Strategic Plan Year Three Mid-Year Report: School for Christian Faith and Leadership

Strategic Plan Year Three Mid-Year Report: School for Christian Faith and Leadership

For just as the body is one and has many members, and all the members of the body, though many, are one body, so it is with Christ.
1 Corinthians 12:12

The School for Christian Faith and Leadership, birthed at the beginning of the pandemic, continues to hold this proclamation by Paul to the Corinthians as a core driving principle. Every baptized person is a full member of the body of Christ, with gifts to fulfill the mission of the Church.

The School for Christian Faith and Leadership offers both online and in-person events as well as curriculum for congregations. Since September 2021, we have offered 25 courses to equip more than 500 congregational leaders across the diocese for their ministries of administration, justice, stewardship, formation, pastoral care, and parish vitality with both online and in-person events. More than a dozen congregations have used our curricula, including CREATE and A Faithful Life, resources developed for the Diocese of Washington for both youth and adults to learn more about The Episcopal Church and the Christian life.

You can view our offerings at Fall 2022 offerings will be announced soon.

In addition to courses, the School for Christian Faith and Leadership has developed a Path of Discipleship with a suite of resources to help members of your congregation grow in faith.

The Rev. Jenifer Gamber
Director for the School for Christian Faith and Leadership and the Tending Our Soil Thriving Congregations Initiative

The Power of Prayer (Stations)

The Power of Prayer (Stations)

What’s that one smell that always brings a memory flooding back to your mind? For me, the smell of warm velour triggers the smell of my grandmother’s 1988 Oldsmobile Cutlass Ciera on a warm day. My sister and I spent many Saturday afternoons riding to minor league baseball games in that car, often accompanied by a Snickers ice cream bar. Though my grandmother passed nearly 20 years ago, this memory lives on in me, so much so that we served Snickers ice cream bars at my ordination reception!

Why am I writing about this very specific memory? Well, because our senses play a huge role in how we worship. Worship is an inherently incarnational experience. We show up in our physical bodies to participate in a physical gathering (when it’s safe to do so), yet in many ways, worship can also sometimes feel simply observational. Our bodies are there, but are we connecting with the Spirit through our senses? Through different modes of learning? Using different materials?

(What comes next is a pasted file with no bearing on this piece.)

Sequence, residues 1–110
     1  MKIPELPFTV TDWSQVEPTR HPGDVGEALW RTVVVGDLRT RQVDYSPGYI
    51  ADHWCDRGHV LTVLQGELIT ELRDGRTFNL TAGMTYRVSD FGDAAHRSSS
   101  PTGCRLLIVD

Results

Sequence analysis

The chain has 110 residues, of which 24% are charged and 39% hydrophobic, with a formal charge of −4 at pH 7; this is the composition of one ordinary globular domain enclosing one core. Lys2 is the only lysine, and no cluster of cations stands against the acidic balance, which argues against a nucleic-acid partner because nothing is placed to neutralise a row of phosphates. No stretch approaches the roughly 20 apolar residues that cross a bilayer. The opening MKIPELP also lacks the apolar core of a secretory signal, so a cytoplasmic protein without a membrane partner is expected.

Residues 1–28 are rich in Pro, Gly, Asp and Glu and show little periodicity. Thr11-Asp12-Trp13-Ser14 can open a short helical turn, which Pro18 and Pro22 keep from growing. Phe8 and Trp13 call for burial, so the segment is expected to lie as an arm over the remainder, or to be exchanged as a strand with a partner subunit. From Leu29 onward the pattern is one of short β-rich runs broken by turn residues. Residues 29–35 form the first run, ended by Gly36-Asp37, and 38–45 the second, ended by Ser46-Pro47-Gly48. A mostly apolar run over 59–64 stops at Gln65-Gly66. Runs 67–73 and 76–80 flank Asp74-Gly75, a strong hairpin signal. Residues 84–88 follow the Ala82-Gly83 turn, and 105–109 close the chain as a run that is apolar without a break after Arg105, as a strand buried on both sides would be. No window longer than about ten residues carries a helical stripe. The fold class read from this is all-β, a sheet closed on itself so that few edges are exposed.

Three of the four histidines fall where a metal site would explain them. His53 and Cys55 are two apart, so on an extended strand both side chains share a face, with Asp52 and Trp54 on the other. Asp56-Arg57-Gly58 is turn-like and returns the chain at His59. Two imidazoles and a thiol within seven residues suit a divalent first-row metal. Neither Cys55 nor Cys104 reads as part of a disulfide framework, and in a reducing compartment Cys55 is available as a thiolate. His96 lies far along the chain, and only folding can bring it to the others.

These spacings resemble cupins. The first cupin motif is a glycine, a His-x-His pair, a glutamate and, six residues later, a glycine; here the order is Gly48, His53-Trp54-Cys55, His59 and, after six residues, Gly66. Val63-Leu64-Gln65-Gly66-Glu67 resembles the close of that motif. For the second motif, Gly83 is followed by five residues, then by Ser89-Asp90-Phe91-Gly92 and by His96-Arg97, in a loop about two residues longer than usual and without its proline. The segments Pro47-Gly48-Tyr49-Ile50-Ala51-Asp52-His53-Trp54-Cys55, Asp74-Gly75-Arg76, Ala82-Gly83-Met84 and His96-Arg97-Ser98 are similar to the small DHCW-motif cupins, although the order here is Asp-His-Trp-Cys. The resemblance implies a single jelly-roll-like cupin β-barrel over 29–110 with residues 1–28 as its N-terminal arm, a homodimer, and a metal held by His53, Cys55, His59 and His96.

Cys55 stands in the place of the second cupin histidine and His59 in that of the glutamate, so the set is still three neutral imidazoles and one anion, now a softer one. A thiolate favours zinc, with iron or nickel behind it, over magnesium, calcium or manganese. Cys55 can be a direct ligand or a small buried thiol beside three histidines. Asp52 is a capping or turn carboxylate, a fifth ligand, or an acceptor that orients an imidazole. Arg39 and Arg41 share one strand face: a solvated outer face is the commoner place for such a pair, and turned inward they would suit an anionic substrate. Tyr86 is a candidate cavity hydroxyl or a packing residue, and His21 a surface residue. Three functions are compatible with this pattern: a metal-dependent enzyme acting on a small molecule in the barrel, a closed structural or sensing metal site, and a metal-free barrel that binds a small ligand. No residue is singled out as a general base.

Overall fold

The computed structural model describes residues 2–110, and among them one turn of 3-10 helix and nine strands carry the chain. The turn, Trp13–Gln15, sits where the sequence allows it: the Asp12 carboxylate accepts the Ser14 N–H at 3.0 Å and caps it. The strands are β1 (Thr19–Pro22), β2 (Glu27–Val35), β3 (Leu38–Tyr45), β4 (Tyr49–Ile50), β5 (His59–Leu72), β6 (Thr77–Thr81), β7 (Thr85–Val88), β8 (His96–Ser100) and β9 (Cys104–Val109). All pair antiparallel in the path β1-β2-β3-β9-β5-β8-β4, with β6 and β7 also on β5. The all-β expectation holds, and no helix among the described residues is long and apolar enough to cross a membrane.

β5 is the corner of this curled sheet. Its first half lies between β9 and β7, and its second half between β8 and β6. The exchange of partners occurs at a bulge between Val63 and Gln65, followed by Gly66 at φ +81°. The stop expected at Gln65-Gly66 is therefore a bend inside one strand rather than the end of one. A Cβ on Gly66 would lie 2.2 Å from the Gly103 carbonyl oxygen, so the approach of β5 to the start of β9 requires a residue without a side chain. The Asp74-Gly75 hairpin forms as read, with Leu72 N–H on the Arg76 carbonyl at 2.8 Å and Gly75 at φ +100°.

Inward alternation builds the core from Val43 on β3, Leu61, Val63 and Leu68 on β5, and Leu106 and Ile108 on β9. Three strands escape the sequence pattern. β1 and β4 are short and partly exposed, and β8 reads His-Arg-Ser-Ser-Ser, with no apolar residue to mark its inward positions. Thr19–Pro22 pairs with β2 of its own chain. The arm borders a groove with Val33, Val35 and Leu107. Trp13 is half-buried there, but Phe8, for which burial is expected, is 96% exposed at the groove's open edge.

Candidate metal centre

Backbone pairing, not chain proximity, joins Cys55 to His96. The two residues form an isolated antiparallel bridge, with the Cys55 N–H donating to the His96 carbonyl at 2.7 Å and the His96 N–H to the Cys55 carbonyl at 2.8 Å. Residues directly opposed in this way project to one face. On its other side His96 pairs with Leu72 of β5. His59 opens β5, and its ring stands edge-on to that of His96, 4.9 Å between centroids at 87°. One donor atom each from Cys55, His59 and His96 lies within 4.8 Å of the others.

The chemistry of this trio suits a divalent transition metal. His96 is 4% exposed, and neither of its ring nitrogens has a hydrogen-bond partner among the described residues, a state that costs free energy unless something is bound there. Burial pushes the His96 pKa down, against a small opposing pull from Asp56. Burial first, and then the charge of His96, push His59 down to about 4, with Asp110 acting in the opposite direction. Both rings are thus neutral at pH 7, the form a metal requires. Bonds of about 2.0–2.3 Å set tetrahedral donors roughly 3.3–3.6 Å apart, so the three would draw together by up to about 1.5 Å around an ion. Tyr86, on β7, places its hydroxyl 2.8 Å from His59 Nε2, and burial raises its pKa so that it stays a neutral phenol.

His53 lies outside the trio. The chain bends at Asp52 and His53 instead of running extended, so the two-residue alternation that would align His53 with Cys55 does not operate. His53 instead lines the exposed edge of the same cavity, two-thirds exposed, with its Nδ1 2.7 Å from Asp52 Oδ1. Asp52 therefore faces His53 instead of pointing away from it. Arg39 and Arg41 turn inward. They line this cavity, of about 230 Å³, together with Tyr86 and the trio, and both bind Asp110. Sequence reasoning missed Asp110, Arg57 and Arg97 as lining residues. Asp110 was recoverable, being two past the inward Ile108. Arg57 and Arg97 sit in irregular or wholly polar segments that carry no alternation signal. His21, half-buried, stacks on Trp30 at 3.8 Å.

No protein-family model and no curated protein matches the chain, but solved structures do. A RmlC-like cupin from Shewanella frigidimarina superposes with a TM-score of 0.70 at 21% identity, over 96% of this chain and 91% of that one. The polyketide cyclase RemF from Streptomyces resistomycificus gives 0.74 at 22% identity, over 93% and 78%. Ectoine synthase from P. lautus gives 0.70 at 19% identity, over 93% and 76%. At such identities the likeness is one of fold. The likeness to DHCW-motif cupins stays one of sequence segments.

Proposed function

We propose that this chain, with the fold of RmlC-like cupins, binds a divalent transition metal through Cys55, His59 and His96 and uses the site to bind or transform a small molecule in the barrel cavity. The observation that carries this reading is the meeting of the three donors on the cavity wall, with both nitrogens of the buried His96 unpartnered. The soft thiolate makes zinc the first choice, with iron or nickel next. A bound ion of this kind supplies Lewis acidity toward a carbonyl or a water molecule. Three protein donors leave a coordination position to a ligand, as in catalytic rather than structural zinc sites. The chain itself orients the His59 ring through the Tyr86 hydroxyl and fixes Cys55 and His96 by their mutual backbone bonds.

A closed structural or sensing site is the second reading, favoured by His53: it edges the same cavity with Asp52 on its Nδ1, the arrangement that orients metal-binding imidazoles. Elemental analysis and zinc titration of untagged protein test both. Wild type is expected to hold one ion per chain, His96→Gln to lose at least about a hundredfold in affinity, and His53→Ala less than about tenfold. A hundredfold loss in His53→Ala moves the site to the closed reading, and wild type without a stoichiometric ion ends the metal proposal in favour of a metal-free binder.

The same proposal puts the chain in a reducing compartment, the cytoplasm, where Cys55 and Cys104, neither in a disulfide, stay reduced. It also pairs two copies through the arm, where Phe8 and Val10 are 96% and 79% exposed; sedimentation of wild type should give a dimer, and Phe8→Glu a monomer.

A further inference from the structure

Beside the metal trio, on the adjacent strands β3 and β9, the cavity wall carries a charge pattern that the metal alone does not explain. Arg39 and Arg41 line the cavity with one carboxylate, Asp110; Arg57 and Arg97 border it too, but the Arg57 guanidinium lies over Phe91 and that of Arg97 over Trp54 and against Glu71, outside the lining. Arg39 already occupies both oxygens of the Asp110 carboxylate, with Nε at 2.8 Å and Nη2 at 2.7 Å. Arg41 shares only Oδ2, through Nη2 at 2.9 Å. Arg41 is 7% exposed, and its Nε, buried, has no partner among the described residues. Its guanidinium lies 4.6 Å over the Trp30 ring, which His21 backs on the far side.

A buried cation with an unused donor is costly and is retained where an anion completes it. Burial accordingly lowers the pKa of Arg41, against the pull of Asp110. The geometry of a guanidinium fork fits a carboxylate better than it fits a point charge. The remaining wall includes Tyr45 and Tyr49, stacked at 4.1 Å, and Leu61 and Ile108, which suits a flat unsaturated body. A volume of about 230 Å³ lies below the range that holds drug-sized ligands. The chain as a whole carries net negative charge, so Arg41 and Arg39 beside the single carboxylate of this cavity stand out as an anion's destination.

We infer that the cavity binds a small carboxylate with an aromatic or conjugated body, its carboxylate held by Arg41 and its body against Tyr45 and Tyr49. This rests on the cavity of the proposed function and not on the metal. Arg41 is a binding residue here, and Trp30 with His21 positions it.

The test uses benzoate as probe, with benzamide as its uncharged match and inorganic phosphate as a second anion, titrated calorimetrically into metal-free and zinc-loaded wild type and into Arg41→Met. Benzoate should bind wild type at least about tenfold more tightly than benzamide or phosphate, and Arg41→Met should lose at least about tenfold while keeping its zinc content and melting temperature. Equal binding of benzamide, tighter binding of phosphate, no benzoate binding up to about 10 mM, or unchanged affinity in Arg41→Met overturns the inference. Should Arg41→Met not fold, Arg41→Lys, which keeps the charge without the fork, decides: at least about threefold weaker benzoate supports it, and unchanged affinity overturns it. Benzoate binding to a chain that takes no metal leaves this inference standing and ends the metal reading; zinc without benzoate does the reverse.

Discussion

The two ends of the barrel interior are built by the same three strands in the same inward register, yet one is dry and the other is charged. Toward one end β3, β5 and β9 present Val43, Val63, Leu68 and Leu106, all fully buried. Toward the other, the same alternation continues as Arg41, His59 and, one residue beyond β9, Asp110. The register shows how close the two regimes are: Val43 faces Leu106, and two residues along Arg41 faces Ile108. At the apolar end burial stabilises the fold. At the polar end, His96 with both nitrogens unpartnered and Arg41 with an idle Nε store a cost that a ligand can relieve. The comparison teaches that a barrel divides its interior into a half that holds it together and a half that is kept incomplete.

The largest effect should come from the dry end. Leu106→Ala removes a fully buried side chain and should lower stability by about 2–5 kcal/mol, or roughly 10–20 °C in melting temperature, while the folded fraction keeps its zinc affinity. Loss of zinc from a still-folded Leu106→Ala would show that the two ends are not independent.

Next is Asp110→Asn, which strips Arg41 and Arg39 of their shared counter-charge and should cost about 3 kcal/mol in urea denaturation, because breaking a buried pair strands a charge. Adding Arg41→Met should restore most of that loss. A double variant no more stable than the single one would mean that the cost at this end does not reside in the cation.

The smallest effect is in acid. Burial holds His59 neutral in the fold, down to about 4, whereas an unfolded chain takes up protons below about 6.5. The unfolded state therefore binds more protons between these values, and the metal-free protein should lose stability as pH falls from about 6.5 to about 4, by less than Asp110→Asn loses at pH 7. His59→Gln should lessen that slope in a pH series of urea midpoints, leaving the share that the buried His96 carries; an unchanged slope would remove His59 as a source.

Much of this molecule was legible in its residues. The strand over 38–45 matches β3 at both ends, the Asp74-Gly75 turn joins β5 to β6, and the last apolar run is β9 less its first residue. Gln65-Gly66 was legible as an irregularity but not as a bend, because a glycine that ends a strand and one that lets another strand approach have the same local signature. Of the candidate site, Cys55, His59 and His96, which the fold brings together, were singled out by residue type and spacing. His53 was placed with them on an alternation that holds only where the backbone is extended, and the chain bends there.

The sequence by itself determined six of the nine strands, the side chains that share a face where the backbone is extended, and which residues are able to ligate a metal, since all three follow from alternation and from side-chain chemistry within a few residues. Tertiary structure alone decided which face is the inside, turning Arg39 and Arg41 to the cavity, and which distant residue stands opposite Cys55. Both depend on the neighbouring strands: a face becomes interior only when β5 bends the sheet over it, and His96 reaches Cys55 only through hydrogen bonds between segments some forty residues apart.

One way to foster a connection with the Spirit through our senses is by incorporating prayer stations into the worship experience.

Prayer stations are five-minute prayer activities designed to help the worshiper engage differently. Prayer stations invite you to touch, taste, feel, smell, and reflect using your whole self. Instead of sitting in a pew, you might be walking around a labyrinth. Instead of kneeling for a prayer, you might be filling a jar with sand as you pray for people suffering the effects of climate change. Instead of hearing the scripture read, you might be making a collage of what you hear the scripture inviting you to do. Each station draws you nearer to God in new and embodied ways.

Here you can find a folder full of prayer stations that correspond to the five practices along the Diocese of Washington’s Path of Discipleship: pray, learn, serve, give, share.

The beauty of prayer stations is their versatility. They can be configured for an intergenerational worship or you can create a small kit to give homebound members so they can set up their own station at home. However you choose to use prayer stations, we pray they might draw you nearer to God.

The Rev. Emily Snowden
Project Coordinator for the School for Christian Faith and Leadership & Tending Our Soil Thriving Congregations Initiative